Server Installation
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The Installation Process…
 Linux Partitions:
 Six partitions are used for Linux by default






/ (root partition)
swap (used for virtual memory)
/boot (boot files – small)
/usr (shared files and programs)
/home (user files and programs)
/var (Web site, FTP, log files)
 Just / and swap are required
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Managing Multiple Operating Systems on a
Single Computer
 Useful for development and training purposes
 Best to start with non-partitioned hard disk
 Create one partition for each Windows OS
 Allow Linux to create default partitions
 Install Windows first, then Linux
 Linux installation then produces a menu to select
Windows
Server Installation
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The Installation Process…
 Naming Computers:
 Identify a computer on the network
 Windows communicates the computer name to other
computers on the subnet so it should be unique
 Name of computer is not related to how the computer is
recognized on the Internet
 In Linux, the hostname can exist on more than one
computer

It only uses IP addresses for communication
Server Installation
14
The Installation Process…
 Software Licensing:
 Describes how the software can be used
 For Windows, usually each installation must be
activated by Microsoft
 Linux is basically free but there may be a cost for
packaging, support, and extras


Based on the GNU general public license
Red Hat has personal, professional, and Advanced
Server options
Server Installation
15
The Installation Process…
 Selecting a File System:
 A file system determines how files are stored on a hard disk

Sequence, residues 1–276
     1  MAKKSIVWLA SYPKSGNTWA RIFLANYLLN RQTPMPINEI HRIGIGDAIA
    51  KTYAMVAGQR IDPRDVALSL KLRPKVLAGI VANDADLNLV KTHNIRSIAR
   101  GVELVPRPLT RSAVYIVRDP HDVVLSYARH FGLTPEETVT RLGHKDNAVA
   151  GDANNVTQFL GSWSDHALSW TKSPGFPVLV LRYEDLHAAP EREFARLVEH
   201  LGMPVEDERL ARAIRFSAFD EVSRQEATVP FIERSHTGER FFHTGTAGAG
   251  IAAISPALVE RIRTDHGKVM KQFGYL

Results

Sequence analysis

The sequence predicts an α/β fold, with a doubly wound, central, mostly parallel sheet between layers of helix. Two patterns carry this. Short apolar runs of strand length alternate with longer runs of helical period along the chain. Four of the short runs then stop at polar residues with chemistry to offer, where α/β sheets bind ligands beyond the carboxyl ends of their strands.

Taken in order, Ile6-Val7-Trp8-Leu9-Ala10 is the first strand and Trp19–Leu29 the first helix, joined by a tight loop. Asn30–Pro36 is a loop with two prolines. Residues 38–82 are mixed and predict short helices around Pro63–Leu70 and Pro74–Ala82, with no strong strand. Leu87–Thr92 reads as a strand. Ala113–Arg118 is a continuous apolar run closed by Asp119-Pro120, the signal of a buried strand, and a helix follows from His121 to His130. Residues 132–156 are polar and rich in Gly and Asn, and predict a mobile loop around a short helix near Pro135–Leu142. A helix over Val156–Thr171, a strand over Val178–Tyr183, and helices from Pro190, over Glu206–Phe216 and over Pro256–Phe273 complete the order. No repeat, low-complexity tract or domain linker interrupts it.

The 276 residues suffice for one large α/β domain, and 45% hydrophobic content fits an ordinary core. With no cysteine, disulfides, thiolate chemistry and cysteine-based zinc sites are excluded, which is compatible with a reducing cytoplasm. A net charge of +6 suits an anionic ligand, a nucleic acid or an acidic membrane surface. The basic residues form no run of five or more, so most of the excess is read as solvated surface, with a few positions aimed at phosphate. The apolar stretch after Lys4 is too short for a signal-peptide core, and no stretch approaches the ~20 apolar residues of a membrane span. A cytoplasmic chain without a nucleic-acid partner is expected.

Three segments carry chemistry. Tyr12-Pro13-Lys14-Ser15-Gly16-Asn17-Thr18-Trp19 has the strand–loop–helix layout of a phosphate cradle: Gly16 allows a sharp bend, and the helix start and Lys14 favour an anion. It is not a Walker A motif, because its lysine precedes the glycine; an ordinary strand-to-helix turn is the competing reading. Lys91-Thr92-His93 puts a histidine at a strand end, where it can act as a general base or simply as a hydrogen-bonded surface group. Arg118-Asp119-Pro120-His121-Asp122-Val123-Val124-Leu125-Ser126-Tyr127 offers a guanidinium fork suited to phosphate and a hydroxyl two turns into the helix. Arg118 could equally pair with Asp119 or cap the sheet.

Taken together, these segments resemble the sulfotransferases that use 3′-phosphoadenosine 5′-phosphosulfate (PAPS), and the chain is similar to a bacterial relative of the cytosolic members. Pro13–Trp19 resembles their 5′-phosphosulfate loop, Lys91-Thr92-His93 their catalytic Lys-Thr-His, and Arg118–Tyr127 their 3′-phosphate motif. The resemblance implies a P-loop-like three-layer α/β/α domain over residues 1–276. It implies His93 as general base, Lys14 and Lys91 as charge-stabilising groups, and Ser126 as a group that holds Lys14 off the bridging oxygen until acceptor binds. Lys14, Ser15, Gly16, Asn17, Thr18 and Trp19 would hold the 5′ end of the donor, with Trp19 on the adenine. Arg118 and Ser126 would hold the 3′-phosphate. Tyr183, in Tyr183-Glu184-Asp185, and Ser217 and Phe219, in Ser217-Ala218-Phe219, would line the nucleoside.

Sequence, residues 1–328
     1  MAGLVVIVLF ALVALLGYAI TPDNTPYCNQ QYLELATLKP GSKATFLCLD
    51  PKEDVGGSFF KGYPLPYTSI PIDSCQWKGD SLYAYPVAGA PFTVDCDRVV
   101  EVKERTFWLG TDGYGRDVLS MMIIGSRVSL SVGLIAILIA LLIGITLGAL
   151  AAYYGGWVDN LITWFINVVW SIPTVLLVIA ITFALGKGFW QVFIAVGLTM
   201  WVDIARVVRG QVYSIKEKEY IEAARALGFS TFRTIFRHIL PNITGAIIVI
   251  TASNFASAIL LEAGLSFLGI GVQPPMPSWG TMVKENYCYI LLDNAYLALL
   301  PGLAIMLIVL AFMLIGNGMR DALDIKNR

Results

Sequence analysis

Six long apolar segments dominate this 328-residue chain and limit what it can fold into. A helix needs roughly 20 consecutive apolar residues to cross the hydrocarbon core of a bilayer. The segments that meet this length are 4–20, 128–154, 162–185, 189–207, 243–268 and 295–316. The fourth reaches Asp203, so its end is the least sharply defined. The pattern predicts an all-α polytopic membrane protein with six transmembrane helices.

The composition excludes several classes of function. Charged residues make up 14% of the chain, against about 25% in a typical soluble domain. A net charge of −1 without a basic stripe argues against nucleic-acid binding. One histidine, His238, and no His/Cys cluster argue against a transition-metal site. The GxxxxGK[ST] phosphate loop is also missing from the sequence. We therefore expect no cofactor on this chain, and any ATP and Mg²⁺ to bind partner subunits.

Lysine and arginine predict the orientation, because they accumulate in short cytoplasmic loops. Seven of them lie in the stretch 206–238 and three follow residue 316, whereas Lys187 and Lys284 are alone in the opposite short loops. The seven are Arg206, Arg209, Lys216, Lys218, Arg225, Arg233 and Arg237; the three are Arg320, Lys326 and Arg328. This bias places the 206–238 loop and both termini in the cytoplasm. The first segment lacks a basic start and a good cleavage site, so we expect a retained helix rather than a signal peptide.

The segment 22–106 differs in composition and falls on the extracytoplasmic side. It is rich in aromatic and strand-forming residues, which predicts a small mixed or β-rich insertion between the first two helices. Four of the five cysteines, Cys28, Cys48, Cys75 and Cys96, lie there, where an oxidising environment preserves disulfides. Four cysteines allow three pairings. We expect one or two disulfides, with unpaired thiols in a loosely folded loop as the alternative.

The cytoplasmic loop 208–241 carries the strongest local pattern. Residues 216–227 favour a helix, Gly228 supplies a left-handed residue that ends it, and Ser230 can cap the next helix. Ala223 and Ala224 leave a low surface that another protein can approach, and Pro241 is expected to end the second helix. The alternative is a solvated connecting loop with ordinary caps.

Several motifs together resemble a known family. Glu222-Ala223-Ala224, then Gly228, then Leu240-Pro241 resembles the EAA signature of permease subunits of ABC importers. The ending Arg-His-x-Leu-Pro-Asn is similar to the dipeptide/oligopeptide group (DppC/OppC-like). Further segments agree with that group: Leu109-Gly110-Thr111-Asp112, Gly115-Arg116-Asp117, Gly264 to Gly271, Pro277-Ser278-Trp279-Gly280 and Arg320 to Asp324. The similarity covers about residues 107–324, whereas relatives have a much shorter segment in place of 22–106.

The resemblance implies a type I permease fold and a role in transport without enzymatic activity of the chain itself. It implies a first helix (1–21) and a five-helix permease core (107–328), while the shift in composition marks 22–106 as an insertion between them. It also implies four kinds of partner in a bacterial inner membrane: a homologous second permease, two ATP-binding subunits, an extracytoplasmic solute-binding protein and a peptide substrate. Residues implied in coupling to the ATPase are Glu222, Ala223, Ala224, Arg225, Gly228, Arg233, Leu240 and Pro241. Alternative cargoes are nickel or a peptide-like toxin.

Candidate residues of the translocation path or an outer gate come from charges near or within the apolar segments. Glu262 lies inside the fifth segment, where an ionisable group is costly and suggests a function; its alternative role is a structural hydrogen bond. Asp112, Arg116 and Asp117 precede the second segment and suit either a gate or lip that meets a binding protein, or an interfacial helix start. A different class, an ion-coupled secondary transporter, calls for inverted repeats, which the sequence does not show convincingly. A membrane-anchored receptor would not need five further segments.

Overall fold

 Some Windows file systems include:
 NTFS
 FAT32
 FAT
 Some Linux file systems include:
 ext4
 ext3
 ext2
 JFS
Server Installation
16
Default Operating System File
Systems
Release Year
1981
1984
1985
1989
1990
1992
1993
1994
1995
1996
1998
1998
2000
2000
2001
2003
2003
2006
2008
2009
Operating System
MS-DOS/PC DOS
Mac OS
Mac OS
OS/2 v1.2
Windows 3.0 / 3.1x
Linux
FreeBSD v1-v5.0
Windows NT 3.5
Windows 95
Windows NT 4.0
Mac OS 8.1 / Mac OS X
Windows 98
Windows Me
Windows 2000
Windows XP
FreeBSD v5.1-v9
Windows Server 2003
Windows Vista
Windows Server 2008
Windows 7
Server Installation
File System
FAT12
Macintosh File System (MFS)
Hierarchical File System (HFS)
High Performance File System (HPFS)
FAT16B
ext / ext2 / ext3 / ext4
UFS1
NTFS
FAT16 and VFAT
NTFS
HFS Plus (HFS+)
FAT32
FAT32
NTFS
NTFS but FAT32 is also common
UFS2
NTFS
NTFS
NTFS
NTFS
17
Basic Linux Concepts
 No drive letters
 The root is /
 Devices may be mounted before usage
 mount /mnt/cdrom
 Devices may also be un-mounted before removing
them to flush the file buffer files are copied to them
 umount /mnt/floppy
Server Installation
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Linux Shell Prompt
 Shell – the command-line interface
 E.g. sh, bash, csh, tcsh, ksh
 Most work is done on Linux at the shell prompt using commands such
as the following:
Linux Shell Command
exit
kill/killall
cd
ls
mkdir
rm
rm -r
mv
cp
find/locate
useradd
clear
ifconfig
chmod
cmp
Server Installation
Windows Equivalent
exit
kill/pskill
cd
dir
md
del/erase
deltree
move
copy/xcopy/mv
find
addusers
cls
ipconfig
icacls/xcacls
comp
19
Configuring TCP/IP on Linux
 To determine TCP/IP configuration in Linux, type
ifconfig at a shell prompt
Server Installation
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Configuring TCP/IP on Windows
 To determine TCP/IP configuration in Windows, type
ipconfig at a command prompt
Server Installation